For years, in my dual capacity as an attorney and a historian, I have walked by a parking lot on the corner of Chambers & Elk (formerly, Elm) Streets in Lower Manhattan, and have wondered two things: (a) what used to be there? and (b) why hasn't the site been developed. The lot is 75' wide and is through-block, from Chambers to Duane. It sits between two landmarked and historically important buildings, the Surrogates Court (23 Chambers) and the Emigrant Savings Bank (49-51 Chambers).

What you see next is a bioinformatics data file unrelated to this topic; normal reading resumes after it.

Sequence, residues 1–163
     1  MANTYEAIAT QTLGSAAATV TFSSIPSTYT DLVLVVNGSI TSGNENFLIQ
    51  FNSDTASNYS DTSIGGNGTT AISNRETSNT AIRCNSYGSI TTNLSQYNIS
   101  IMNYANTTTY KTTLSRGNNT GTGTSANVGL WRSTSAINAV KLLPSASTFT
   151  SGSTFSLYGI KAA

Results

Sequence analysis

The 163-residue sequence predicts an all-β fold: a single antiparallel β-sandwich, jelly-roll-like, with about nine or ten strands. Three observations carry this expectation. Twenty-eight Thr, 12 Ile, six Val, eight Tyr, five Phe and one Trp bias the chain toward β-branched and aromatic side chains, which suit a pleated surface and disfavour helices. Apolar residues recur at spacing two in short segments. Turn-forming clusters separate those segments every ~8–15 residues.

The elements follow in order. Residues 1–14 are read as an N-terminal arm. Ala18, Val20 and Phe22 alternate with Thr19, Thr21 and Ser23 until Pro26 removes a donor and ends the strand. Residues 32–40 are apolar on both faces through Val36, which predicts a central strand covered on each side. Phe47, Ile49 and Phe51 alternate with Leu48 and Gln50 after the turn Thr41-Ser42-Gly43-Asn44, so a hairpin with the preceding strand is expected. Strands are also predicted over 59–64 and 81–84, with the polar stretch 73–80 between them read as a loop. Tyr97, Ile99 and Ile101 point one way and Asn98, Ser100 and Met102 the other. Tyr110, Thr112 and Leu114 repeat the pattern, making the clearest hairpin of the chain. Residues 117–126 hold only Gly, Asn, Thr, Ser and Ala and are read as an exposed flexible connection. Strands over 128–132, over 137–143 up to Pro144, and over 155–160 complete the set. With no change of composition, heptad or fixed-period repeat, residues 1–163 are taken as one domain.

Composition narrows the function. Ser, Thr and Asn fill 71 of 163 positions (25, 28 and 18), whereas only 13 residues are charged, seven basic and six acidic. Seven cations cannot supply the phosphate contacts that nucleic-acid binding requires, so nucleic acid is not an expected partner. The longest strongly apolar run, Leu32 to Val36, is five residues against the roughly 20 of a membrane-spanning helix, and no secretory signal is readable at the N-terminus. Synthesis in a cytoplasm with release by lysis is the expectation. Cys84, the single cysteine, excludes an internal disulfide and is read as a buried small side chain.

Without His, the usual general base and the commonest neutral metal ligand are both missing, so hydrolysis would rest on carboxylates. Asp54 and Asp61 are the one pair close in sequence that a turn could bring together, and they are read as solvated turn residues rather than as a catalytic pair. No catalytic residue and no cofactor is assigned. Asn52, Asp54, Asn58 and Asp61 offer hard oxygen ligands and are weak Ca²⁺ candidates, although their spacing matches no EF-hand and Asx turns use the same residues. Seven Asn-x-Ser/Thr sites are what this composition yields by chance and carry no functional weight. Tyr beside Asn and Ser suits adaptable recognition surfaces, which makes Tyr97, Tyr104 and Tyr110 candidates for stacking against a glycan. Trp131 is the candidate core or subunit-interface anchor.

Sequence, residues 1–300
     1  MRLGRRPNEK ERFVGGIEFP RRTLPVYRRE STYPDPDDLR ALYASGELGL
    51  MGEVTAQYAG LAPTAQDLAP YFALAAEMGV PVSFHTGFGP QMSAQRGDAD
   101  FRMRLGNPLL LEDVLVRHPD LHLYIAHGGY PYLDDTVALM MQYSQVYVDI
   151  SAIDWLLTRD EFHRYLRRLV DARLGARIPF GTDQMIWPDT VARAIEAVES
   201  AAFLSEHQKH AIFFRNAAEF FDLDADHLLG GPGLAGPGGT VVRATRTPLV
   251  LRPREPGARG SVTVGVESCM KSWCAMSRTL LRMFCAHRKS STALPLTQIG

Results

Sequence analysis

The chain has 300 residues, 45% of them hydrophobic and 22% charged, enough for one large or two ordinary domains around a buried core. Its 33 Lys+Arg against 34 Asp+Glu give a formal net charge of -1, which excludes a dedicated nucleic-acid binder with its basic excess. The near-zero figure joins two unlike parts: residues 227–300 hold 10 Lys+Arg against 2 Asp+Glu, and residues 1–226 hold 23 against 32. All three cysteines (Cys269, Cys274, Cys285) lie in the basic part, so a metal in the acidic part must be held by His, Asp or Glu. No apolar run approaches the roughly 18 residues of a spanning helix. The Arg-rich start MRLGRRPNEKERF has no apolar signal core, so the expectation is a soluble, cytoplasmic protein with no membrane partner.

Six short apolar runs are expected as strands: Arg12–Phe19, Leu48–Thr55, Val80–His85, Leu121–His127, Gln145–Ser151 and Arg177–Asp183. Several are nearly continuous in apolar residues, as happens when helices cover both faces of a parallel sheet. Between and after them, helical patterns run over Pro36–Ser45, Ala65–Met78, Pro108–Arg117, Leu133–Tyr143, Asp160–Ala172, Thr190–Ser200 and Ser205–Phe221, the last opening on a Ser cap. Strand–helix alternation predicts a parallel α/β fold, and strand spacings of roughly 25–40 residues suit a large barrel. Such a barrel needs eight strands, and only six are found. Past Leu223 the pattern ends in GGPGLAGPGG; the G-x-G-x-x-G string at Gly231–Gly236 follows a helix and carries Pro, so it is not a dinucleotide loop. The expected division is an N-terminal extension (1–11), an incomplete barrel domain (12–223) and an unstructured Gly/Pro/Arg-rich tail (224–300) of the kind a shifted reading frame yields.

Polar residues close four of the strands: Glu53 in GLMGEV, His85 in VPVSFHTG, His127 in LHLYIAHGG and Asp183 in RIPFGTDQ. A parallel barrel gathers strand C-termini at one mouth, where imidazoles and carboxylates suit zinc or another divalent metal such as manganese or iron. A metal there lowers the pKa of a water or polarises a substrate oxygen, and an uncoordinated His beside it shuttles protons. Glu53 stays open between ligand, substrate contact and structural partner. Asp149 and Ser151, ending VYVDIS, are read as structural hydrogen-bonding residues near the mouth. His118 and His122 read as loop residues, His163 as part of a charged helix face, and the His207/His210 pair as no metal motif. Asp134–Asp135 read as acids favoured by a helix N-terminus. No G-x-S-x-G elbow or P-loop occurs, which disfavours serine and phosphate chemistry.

The answer to the first question, in part, answers the second. The parking lot occupies what had been, until 1971, the former American News Company building, which was erected in 1877-78 per plans by the prominent 19th century architect Griffith Thomas (former Astor Library, now the Public Theater; former Arnold Constable Building at 881-887 Broadway). American News Company was a magazine, newspaper, book, (and comic book) distribution company which dominated the distribution market in the 1940s and 1950s. Tthe company had over 300 branches and employed several thousand employees. During the middle of the last century, it stood as the largest book wholesaler in the world, dominating the industry. In the mid-1950's, as the result of a legal losses in an antitrust suit and changes in the publishing market, the company - which by then was headquartered in New Jersey - liquidated its assets. It was out of business by 1957. The building was acquired by the City of New York in 1965, and was demolished in 1971 as part of an ill-fated urban renewal plan.